A few years ago we gave in to my eldest son’s request to have a house party for his 16th birthday. Not a course of action I’d recommend, but we survived the evening. Whilst he and his friends took over the house the rest of us confined ourselves to the front room and then quietly slipped away to bed in the hope the damage wouldn’t be too great. I woke early. Before I had descended the stairs to take in the sight, pictures documenting the evening and ensuing debris had been viewed hundreds of times already online! An event in my own house had been seen across the Internet before I could witness the reality first hand.
More recently my son’s band were preparing to play a gig and I commented to him that I hadn’t seen them rehearsing at all. He explained to me that they had been rehearsing for a while but it all happened online. They sent each other sound files, worked and re worked parts, sent them back and forth to each other and only played together when they performed. A new way of working collaboratively, in a virtual world.
Just a couple of months ago, my son, now at university, asked if I could help him with some modelling work he had to complete for his special effects course. I told him I really didn’t know if I could help but I’d do my best. He said he was pretty clear about what to do but just needed a bit of support. He gave me a detailed account of what he intended to do right down to the tools he would need. I asked if his tutors had gone through the idea with him and he said no. I asked how he could be so sure about what he was doing and how his model would be successful. He said he had found a tutorial on YouTube, made by an American student. She explained everything in great detail making her instructions very straightforward and easy to follow.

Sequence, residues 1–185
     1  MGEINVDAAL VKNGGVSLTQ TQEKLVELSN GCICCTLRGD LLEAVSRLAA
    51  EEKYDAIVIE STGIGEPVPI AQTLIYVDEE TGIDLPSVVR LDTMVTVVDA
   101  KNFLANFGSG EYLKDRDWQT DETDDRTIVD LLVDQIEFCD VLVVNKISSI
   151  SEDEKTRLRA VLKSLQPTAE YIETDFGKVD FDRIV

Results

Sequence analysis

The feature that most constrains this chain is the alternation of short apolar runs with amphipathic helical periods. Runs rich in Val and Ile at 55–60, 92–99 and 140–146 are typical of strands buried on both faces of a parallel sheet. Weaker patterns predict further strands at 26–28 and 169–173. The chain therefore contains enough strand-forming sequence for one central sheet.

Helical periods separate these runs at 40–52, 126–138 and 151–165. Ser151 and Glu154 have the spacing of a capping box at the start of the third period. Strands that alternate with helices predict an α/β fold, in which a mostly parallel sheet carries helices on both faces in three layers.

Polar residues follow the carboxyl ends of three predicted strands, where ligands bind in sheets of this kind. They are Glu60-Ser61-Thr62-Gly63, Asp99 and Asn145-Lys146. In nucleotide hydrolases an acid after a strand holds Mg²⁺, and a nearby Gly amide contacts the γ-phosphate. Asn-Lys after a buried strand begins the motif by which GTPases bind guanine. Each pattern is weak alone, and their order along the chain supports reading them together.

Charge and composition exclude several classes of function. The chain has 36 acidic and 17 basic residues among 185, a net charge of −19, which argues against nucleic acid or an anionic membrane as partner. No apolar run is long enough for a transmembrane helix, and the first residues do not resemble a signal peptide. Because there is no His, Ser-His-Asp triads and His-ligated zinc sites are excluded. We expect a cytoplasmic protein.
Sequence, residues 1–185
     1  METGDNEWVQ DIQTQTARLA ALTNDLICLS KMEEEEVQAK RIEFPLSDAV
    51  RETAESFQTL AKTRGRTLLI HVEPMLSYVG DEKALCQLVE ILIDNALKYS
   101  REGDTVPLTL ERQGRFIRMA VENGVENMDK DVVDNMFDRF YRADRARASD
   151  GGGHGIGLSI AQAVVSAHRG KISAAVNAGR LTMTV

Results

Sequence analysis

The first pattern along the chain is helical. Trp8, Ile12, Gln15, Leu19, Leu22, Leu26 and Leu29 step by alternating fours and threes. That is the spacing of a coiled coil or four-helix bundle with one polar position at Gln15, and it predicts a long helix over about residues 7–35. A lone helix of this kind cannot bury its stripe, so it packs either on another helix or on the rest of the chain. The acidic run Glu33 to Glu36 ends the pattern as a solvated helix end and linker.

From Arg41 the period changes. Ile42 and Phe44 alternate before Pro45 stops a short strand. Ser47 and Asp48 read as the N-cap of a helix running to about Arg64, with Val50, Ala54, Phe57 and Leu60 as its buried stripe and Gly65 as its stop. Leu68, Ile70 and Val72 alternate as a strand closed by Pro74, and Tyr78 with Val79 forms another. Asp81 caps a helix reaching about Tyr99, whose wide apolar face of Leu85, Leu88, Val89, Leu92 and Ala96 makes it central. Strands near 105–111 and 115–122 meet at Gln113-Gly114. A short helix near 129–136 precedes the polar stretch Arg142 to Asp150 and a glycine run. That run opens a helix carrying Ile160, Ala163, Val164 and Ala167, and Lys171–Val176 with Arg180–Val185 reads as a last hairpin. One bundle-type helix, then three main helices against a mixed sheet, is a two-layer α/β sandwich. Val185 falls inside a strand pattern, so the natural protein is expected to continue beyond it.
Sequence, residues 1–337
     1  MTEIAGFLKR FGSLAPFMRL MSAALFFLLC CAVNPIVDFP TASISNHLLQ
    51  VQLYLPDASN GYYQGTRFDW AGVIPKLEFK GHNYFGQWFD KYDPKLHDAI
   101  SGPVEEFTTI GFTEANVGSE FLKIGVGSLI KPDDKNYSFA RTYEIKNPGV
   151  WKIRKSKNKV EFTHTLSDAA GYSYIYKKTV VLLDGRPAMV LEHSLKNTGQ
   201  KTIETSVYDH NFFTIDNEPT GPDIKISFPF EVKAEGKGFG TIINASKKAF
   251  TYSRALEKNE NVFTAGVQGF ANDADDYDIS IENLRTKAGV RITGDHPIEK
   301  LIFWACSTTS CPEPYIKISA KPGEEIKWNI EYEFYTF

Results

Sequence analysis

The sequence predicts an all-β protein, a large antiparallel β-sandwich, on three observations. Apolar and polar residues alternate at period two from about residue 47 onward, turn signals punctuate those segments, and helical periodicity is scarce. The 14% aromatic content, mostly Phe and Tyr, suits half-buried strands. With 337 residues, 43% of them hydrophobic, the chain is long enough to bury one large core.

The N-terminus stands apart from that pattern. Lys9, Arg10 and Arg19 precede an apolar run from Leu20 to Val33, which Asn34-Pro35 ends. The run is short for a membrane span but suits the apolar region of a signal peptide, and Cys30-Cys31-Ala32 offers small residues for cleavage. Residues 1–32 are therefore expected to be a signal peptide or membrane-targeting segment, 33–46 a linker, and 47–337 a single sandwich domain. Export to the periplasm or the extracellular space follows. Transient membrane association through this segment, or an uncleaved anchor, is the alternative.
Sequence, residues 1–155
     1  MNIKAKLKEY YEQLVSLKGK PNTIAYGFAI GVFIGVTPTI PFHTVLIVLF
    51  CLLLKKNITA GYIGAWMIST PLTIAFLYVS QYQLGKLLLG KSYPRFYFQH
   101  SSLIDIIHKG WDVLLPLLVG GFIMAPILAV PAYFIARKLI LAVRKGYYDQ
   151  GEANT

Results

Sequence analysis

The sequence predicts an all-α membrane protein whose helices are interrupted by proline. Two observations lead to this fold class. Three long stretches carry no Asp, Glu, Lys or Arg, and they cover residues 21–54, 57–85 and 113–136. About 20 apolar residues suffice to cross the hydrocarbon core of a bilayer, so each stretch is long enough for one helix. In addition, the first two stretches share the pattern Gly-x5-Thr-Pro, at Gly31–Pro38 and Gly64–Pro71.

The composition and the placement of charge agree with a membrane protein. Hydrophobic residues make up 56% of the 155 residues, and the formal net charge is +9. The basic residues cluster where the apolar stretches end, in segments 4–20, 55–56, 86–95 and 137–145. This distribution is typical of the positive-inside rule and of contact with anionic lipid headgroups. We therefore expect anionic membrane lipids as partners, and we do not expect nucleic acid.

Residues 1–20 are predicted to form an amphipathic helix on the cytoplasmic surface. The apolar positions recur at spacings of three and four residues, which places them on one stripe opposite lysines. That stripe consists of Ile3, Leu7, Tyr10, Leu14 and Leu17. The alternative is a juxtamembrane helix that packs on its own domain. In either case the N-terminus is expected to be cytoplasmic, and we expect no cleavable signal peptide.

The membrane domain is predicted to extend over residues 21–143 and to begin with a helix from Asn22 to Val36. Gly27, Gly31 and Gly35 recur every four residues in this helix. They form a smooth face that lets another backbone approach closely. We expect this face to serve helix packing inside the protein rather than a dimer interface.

These three short anecdotes are typical of today’s learners and their use of technology. We live in an age where they are bringing more and more expertise to the table. More learning goes on outside the classroom than ever before and it is for us in education to embrace this or risk making school a hindrance and irrelevance to our children’s real learning experiences. How do we harness this extraordinary speed of communication? What challenges and opportunities do such online collaboration present? And how will such a flipped approach to learning, accommodated by YouTube, the Khan Academy and the like, impact on the pedagogical approaches of future generations of teachers?
Michael Shepherd is the Headteacher of Hawes Side, a large three form entry Primary School on the North West coast of the UK. He is also a consultant Headteacher for the Schools Network.
Image courtesy of Flickr, spykster